The word count feels long for romance. You may want to think about what you can cut to be closer to average word counts (85K-95K is closer to where you want to be). 

First page:

Mikaela Marchand took a deep breath and held it.

One of the doors to the gallery stood open as an invitation[comma] but the frigid air that escaped from inside was actually more enticing. Mikaela stood on the bottom step for a moment, hesitating. She looked up and down the street, watching the various city dwellers go about their Saturday afternoon. This art gallery was more nondescript than the others that lined the street tucked in between ultra-high-end fashion boutiques. A single large plate-glass window next to the door was adorned with a poster advertising the photographer. From the size of the gallery, however, she guessed most of the exhibit’s budget must have gone into the poster alone. [Give me a little more on the gallery—is it devoid of color while these high-end store fronts are brimming with vivid textures and textiles? Does the poster have a photograph on it, or just information about the photographer and the exhibit? I really like the street view – this may be a great opportunity to mention the cobblestone streets and really paint the picture.]

She pushed her sunglasses up off her face and peered through the dim doorway. The sun made it hard to make out what lay on the other side.

“It’s okay,” A voice said coming from behind her. “We’re open. We’re just putting the final finishing touches on everything but it’s all in there.”

Mikaela turned and saw a young girl with a nearly white-blonde ponytail standing below on the cobblestone sidewalk. The young woman [I am picturing two very different ages when I read young girl and young woman—is she a teen? College-aged? Younger? Older? Consistency will help your reader see what you see.] smiled and squinted simultaneously without the benefit of her sunglasses which still hung neatly on her dress between her breasts. Her one open blue eye appraised Mikaela.

She took one step up onto the old wooden steps and paused.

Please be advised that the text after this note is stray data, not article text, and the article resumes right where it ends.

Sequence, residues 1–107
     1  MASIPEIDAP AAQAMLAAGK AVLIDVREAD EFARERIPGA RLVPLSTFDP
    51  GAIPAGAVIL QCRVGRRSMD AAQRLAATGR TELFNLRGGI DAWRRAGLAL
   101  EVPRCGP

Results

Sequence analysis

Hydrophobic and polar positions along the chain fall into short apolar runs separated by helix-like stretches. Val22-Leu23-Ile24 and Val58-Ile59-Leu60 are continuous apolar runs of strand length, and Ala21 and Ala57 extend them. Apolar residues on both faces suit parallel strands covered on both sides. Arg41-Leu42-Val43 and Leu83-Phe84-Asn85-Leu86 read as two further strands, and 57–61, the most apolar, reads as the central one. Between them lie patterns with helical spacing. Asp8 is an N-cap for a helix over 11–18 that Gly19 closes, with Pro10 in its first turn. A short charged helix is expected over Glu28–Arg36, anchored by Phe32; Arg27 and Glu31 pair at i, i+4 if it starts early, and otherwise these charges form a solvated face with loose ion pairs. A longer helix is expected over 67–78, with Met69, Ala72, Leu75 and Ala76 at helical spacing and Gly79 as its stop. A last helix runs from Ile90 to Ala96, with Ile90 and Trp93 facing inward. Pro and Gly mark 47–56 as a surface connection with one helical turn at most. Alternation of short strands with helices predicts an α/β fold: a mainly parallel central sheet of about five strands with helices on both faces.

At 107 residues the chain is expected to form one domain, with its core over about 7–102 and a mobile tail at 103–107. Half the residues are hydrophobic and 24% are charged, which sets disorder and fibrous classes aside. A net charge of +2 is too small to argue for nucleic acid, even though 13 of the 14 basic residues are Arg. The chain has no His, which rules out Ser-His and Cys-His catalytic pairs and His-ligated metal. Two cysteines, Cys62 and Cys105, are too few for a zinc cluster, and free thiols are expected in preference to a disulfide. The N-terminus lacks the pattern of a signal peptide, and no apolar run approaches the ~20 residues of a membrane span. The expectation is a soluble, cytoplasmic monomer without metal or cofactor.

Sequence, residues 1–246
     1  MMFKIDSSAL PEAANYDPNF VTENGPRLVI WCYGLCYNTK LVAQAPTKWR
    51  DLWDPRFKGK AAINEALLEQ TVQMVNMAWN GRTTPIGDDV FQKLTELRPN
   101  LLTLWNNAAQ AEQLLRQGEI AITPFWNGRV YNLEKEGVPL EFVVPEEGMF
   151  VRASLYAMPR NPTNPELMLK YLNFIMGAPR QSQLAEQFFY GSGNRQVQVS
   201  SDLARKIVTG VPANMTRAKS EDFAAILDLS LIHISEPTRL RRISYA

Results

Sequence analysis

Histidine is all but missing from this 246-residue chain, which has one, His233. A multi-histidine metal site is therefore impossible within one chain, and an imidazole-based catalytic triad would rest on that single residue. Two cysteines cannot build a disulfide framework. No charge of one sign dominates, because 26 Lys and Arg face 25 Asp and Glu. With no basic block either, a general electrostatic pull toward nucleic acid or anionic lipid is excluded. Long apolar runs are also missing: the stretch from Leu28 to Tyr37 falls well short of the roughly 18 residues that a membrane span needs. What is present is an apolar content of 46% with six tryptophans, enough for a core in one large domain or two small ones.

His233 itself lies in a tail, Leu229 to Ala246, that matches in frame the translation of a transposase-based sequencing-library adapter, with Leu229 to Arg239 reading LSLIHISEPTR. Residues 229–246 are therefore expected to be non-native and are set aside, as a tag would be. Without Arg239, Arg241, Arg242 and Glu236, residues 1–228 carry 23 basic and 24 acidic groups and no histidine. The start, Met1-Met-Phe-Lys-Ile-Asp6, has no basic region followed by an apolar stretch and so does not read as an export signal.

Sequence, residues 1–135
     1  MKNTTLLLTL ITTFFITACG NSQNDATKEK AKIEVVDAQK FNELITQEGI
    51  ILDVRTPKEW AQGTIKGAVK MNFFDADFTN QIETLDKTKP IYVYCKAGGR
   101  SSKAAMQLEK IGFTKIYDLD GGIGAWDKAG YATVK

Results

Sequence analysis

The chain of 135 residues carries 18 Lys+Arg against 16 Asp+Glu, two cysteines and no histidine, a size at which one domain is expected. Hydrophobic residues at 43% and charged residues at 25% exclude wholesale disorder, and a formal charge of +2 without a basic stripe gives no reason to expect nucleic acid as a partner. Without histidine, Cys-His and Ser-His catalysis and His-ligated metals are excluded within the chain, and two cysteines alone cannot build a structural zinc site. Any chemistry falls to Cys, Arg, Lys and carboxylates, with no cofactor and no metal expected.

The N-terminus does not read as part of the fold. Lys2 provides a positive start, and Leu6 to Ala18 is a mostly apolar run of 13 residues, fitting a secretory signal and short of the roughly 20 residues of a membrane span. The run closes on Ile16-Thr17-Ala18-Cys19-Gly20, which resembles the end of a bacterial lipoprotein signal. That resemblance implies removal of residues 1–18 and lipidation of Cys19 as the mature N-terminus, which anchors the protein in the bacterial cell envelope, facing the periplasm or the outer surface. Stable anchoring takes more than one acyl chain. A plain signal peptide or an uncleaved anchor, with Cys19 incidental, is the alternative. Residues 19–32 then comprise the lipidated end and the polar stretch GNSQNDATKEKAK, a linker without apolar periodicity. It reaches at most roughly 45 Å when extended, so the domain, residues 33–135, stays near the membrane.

Mikaela stepped aside to let her pass. [Is she holding the door open for the girl since her hands are full? Is the girl pausing and giving a hopeful look that seems to request some assistance? Feels a little choppy without more detail.]

“Is the photographer in?” Mikaela asked as the girl continued past her.

“Yep, should be. This is for him.” She raised one of the two large iced coffees she held in both hands up. [Since the girl continues talking, I’d bring the next statement up here.]

“He tries to come in for at least a couple hours every day; he’ll probably be coming in more often in the lead up to the opening.”

Mikaela nodded as they changed places, backing down the steps as the young woman ascended. [These moments feel a little empty – what is Mikaela thinking about this response? Does she have any sensory reaction? Is the girl/woman matter-of-fact, suspicious, or friendly?]

The young woman paused again at the top, just at the threshold. “Do you want me to get him?”

“Oh no, that’s not necessary.” Mikaela was standing on the cobblestones again, her resolve faltering. The full glare of the sun forced her to shield her eyes with a palm.

The young woman turned then to look at the photo in the window then back at Mikaela. The beginnings of a smile curving the corners of her mouth. [This feels ominous!]

This is a great start! I recommend setting the scene a little more, help the reader to picture where Mikaela is and what she’s thinking/feeling. She’s got some nerves in seeing this mysterious man, but as the reader, I want you to draw me in a little more. You can’t tell me everything about Mikaela on that first page, but give me a juicy detail/thought/comment that pulls me in and turns the page. 

Thank you for sharing, and I wish you the very best on your submission! 

Thank you, Taj, for the critique! We are showcasing three mentor critiques each day leading up to the Pitch Wars 2020 submission window, so make sure to read the other two critiques for today and come back tomorrow for more.